This morning, the NHS Health Apps Library – a “pilot programme” that has been endorsing hundreds of apps to patients since 2013 – was finally shut down. It is replaced by a set of pages on the NHS Choices website which promote a total of seven “online mental health services”. 
Serious concerns have been raised over the past year by researchers at Imperial College London and Ecole Polytechnique CNRS, France  and by medConfidential  with regard to the security, safety and suitability of dozens of apps which were endorsed in the Apps Library.
A handful of apps – including Kvetch, Doctoralia and My Sex Doctor  – were silently withdrawn following complaints, but it is unclear how NHS England intends to notify patients left hanging now that “innovative” apps it has been promoting for up to two years have had their approval pulled.
The closure of the Apps Library coincides with the Second Reading of the Access to Medical Treatments (Innovation) Bill – a Private Members’ Bill by Chris Heaton-Harris MP, a version of which was introduced previously in the Lords by advertising magnate Lord Saatchi.
Apps fall within the Bill’s definition of “innovative treatments”, opening far wider questions as to the use of the database  that would be created under Section 2 of the Bill. Minister for Life Sciences, George Freeman MP, tweeted during the debate  that he did not intend for the database to be used for marketing to patients, but the Bill itself and existing legislation  provide no legal bar.
All of which further calls into question the stated ambition of Secretary of State for Health, Jeremy Hunt, “to get a quarter of smartphone users – 15% of all NHS patients – routinely accessing NHS advice, services and medical records through apps by the end of the next financial year.” 
Phil Booth, coordinator of medConfidential said:
“While we welcome the closure of this sprawling, unaccredited mess of apps and internet quackery, NHS England must now demonstrate how radically it has changed its approach to innovation if it wants to avoid destroying patient trust.
“Promoting predatory ‘bait and switch’ apps targeting teenagers, like My Sex Doctor, was certainly an “innovation” for the NHS. Real doctors would have laughed the charlatans out of the surgery and got back to helping patients, but it seems Tim Kelsey’s team welcomed them with open arms.
“Jeremy Hunt and George Freeman may not intend for any of this to be used for marketing to patients, but there’s no legal bar. And as NHS England’s abortive attempt with apps has shown, not thinking this through properly puts patients at risk.”
Notes for editors:
- Just three of these “services” are available as apps: http://www.nhs.uk/conditions/online-mental-health-services/Pages/introduction.aspx
- http://www.theguardian.com/society/2015/sep/25/nhs-accredited-health-apps-putting-users-privacy-at-risk-study-finds which led to the removal of My Sex Doctor and other apps. Full study published here: http://www.biomedcentral.com/1741-7015/13/214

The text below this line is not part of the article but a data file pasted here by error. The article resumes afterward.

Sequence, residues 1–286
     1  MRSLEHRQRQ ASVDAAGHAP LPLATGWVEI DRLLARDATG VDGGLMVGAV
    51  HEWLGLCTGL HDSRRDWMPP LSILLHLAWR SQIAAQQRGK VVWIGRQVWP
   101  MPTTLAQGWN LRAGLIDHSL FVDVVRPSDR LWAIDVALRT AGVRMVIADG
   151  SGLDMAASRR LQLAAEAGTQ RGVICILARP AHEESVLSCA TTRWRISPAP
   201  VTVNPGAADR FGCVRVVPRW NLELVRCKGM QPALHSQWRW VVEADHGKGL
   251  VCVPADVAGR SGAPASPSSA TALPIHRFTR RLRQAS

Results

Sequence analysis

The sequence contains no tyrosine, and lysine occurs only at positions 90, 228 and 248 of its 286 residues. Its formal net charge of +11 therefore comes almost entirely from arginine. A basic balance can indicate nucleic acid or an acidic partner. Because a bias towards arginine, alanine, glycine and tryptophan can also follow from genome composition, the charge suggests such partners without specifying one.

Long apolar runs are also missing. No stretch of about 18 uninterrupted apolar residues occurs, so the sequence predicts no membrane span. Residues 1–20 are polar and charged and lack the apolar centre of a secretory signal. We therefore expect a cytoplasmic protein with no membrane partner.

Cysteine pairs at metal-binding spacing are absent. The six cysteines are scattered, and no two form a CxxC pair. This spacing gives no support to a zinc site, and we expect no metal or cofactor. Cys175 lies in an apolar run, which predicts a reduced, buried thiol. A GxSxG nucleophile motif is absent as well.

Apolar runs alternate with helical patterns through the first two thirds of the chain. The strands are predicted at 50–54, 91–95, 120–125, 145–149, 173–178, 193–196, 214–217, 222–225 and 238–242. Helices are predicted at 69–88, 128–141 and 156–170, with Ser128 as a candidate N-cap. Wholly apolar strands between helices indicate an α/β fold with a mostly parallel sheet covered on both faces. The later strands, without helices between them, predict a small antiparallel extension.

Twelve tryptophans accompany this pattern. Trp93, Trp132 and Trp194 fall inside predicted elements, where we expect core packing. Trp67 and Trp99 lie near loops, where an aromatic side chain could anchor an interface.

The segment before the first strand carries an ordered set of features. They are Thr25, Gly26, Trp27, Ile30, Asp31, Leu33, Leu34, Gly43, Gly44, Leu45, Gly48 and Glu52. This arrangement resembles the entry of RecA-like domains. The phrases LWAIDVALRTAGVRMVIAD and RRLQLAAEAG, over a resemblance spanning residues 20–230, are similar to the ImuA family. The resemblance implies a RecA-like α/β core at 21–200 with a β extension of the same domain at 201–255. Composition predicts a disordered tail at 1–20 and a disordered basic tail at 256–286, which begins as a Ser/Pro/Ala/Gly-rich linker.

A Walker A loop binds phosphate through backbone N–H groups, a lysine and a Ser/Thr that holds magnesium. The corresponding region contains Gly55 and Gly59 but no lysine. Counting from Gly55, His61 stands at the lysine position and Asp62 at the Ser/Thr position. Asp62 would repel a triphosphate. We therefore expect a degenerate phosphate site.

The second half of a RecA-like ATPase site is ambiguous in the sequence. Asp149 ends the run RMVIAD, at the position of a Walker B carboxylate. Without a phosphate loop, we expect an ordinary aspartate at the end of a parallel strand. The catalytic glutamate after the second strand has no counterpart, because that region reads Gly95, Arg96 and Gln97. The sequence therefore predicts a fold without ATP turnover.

- Kvetch app was a self-described “experiment” that proposed to “make sickness social”, with a communally-visible “alcoholism” group it encouraged individuals to “check your friends in for a laugh”. Barcelona-based Doctoralia (still available in UK apps stores) failed to correctly list GPs working in UK practices, listing at least one GP who had died tragically, and had complex DPA issues that failed to meet the Apps Library’s own criteria for inclusion. My Sex Doctor (also still available in commercial apps stores, and still claiming NHS endorsement) targets teenagers with sex advice, with a stated business model: “Once gained their trust we can leverage it for commercial purposes” – see slide 11, http://www.slideshare.net/FabrizioDolfi/my-sexdoctor-pitch-deck-43296908
- Which Chair of the Health Select Committee, Dr Sarah Wollaston MP, described as “a vast sprawling database of anecdotal treatment for male pattern baldness”. Debate transcript: http://www.parliament.uk/business/publications/hansard/commons/todays-commons-debates/read/unknown/12/
- See medConfidential’s briefing, following a meeting with Chris Heaton-Harris on 30 Sept: https://medconfidential.org/wp-content/uploads/2015/10/medconfidential-1-Marketingtopatients.pdf
- Official report of Jeremy Hunt’s speech, 2 September 2015: https://www.gov.uk/government/news/health-secretary-outlines-vision-for-use-of-technology-across-nhs – updated on 18 September following the announcement of the consultation on the role and remit of the statutory National Data Guardian, who will produce “clear guidelines for the protection of personal data against which every NHS and care organisation will be held to account.”
medConfidential campaigns for confidentiality and consent in health and social care, seeking to ensure that every flow of data into, across and out of the NHS and care system is consensual, safe and transparent. Founded in January 2013, medConfidential is an independent, non-partisan organisation working with patients and medics, service users and care professionals.
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